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Chile

Punta Arenas is not Antarctica

Punta Arenas, Chile

It's so disappointing to wake up somewhere other than Antarctica.
But, at least we got to sleep in a bit.
We checked out of the hotel and went to find something to do in Punta Arenas. The town seems to be a jumping off point for trips- Antarctica, Patagonia, cargo. But it doesn't have much in town for tourists to do.
We started at the tourist-trap handicraft markets. One is located in a market building that also sells fresh seafood. So, you can buy your alpaca-fur-wool woven goods while inhaling a *wonderful* fishy aroma.Market

Market


They actually sell lots of interesting items. Plenty of the stuff for sale was standard plastic souvenirs probably made in China, but a lot were actually nice things made in Chile. One vendor had homemade soaps. Another did wood artistry. Most had alpaca wool items. I love the sweater patterns they made!
From the handicraft center, we went on a walk through the town. We saw some signs that pointed to a viewpoint, so we headed that way, taking in the town on the way. I actually liked how wide and open the streets were. Some had nice long green park areas in the middle. We walked along one with a bunch of statues. Just like everywhere else in Chile, this town has real street art. I enjoy it.Street Art

Street Art


I also enjoy the cool-looking flowers here. My mom says that they're Lupines.Lupines

Lupines


Eventually, we arrived at the viewpoint. Unsurprisingly, it had a nice view of the whole city and the ocean beyond. Well, as nice of a view as you can have. After the views we had yesterday, this was a bit of a letdown. Like many other areas, the fence here was full of locks, presumably left by couples who wanted to leave their mark. Most were regular-sized padlocks. But one was some sort of huge industrial lock. Maybe it's the kind used on large ships?City View

City View


We continued walking the town until we saw an interesting "restaurant and emporium" for lunch. The food was ok. THe highlight for me was trying a local soda- Bilz. It basically tastes like sweet cough syrup with bubbles. I liked it.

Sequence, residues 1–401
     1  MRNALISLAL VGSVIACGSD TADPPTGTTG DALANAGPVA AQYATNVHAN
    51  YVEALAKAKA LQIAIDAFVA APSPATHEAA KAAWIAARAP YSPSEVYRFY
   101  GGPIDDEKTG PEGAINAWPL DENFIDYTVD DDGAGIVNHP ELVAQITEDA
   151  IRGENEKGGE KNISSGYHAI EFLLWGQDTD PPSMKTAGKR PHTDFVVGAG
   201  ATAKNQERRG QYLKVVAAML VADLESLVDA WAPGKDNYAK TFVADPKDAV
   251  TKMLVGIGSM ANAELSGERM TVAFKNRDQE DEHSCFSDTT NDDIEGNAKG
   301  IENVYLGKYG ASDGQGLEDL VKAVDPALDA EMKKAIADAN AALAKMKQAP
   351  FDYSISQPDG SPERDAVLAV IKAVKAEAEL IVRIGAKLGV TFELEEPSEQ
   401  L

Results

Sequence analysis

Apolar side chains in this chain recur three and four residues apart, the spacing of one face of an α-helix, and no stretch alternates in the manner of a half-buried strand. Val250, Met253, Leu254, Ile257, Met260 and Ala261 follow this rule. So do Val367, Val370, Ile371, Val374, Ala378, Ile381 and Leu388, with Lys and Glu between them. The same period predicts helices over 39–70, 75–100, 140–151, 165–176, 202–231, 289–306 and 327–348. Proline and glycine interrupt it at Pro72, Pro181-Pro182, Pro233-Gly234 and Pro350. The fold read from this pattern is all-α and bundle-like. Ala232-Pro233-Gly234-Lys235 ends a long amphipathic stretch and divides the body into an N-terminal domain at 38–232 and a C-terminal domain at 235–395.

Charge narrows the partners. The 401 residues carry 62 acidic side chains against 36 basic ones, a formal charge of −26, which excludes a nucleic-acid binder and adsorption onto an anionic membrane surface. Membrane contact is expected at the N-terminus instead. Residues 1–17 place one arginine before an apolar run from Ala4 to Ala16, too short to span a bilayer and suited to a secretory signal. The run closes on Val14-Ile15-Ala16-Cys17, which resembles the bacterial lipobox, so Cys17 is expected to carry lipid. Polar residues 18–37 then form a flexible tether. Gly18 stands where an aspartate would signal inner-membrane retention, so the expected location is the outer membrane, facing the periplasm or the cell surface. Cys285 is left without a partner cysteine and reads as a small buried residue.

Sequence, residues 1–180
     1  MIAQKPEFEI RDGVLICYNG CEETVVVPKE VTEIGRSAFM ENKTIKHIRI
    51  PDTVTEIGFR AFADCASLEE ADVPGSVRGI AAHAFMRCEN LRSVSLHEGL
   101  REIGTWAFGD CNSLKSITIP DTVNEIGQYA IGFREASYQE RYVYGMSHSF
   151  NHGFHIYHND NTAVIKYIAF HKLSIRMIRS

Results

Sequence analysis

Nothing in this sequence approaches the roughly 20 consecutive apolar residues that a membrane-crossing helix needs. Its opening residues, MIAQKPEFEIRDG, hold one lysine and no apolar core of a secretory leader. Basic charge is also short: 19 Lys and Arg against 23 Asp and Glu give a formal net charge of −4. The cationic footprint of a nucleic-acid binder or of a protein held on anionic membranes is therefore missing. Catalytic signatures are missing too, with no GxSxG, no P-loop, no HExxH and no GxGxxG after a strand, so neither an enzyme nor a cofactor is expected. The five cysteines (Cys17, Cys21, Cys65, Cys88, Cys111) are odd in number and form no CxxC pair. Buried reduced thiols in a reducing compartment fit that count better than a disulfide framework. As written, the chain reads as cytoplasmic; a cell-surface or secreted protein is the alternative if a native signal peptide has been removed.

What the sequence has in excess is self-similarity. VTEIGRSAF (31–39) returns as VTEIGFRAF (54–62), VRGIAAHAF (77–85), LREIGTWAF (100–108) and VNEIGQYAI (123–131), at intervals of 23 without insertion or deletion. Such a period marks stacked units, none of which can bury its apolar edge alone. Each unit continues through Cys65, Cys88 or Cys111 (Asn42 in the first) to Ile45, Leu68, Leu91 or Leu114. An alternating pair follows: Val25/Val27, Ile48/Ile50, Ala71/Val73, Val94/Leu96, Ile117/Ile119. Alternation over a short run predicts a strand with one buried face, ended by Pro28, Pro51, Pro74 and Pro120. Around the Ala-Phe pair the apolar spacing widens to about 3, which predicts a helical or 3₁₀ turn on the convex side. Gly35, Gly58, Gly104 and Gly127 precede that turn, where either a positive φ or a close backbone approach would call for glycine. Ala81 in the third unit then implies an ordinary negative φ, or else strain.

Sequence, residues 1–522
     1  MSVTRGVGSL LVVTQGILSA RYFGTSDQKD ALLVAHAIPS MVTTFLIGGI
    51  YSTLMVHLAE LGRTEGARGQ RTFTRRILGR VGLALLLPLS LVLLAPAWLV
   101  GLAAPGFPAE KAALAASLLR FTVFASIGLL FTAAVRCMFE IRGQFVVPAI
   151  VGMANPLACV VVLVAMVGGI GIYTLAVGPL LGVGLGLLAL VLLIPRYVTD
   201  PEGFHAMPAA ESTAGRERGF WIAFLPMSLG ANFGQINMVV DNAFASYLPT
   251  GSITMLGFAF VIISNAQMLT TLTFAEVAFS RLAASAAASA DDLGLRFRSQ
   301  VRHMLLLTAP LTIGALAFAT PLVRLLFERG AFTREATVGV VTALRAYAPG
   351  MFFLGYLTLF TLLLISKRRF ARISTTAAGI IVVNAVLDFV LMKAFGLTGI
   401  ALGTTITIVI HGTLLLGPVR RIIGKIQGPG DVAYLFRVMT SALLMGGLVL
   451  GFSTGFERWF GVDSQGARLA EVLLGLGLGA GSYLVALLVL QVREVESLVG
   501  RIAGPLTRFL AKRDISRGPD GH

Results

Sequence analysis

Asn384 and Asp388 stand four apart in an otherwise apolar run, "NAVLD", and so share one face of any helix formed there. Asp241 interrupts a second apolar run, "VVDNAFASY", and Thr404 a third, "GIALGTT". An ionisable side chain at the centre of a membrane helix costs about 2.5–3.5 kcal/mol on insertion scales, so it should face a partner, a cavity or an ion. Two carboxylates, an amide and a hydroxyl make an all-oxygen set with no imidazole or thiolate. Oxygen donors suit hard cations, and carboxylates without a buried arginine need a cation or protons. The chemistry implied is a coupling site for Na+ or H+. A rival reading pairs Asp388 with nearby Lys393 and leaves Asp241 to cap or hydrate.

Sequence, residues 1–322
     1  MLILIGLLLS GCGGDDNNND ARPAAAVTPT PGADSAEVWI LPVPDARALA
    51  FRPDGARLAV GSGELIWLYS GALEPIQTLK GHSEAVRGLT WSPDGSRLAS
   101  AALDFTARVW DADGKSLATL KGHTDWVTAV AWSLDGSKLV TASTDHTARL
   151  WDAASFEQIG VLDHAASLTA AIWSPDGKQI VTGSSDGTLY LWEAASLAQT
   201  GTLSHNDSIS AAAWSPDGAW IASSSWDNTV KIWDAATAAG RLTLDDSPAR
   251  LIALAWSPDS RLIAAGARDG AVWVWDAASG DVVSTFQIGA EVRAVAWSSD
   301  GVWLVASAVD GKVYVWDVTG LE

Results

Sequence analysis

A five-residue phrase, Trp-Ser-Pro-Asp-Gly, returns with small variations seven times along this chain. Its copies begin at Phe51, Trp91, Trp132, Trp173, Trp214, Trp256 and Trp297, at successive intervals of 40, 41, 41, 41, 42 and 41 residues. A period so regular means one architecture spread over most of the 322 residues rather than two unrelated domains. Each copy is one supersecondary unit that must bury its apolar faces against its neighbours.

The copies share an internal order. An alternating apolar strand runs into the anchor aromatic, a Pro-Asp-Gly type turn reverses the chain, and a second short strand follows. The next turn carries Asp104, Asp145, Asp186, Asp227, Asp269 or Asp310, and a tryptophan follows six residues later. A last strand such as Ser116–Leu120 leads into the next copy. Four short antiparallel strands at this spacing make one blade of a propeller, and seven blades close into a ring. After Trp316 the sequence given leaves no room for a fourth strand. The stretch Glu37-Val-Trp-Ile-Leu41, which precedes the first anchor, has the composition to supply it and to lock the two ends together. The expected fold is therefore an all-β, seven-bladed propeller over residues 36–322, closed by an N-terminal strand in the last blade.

And that was it. We went back to the hotel to get our stuff and get to the airport waaay too early. This time though, we had a high level of confidence that our flight would take off and land in the right place ;)

Posted by spsadventures 11:52 Archived in Chile Comments (0)

Almost Antarctica

Punta Arenas, Chile

They didn't wake us in the middle of the night to say we had to go early. In fact, at the morning briefing, they told us our flight would be at 3pm instead of 1pm. That gave us the morning to explore.
We walked along the sea in the opposite direction as yesterday. The buildings here are also covered in murals, although unlike Valparaiso, they are not brightly colored. The are mostly scenes from everyday life by the sea.Street Art

Street Art


We passed a monument and a closed tourist information booth before arriving at our prize- the dinosaur playground. When we left the hotel, we were wondering why the flight had been delayed as the weather looked gorgeous. There was no sign of anything inclement anywhere. By the time we got to the dino playground, we understood why. The sky had darkened considerably and it was obviously going to rain shortly. They needed a 6-hour window of clear weather in order to get the planes across the Drake Passage and back, and we were not in such a window.Dino Playground

Dino Playground


We headed back to the hotel, hoping to beat the storm.
We didn't.
About a quarter of the way back, I felt droplets. About halfway back, the hail poured down, soaking me through all my many clothing layers. I arrived back at the hotel drenched and spent the next hour or so rotating my clothes and shoes on the radiator and drying them with a hair dryer.
It took a while, but everything was dry by the time we had to check out and go to lunch. Rainy

Rainy


Lunch wasn't stellar. Pretty much everything was meat or white carbs, and some items were not worth eating, including much of the dessert. I would expect a bit more out of a hotel of this caliber.
We left our bags that aren't coming to Antarctica in a special storage room. Everything else got loaded onto a bus to the airport. We went through a normal check-in process, normal airport security, and waited in a normal sewting area. Except that everybody matched in their bright yellow Quark jackets. While waiting, they delayed our flight again by an hour, so now we were scheduled to leave at 4.
We hung out at the airport.At the Airport

At the Airport


Luckily, there were no more delays and we walked out to the small plane on time. The plane seats 96 passengers, but they only fill it part way (to about 70) so that there is lots of extra room and unused capacity. It's safer, but also more comfortable for us to not be packed in like sardines. To be fair, even if it was full, it would still be more comfortable than most flights as the legroom was more comperable to "premium" seats on a regular plane.Boarding

Boarding


They served us another meal not appropriate for vegetarians- even the salad and yogurt had animals in it.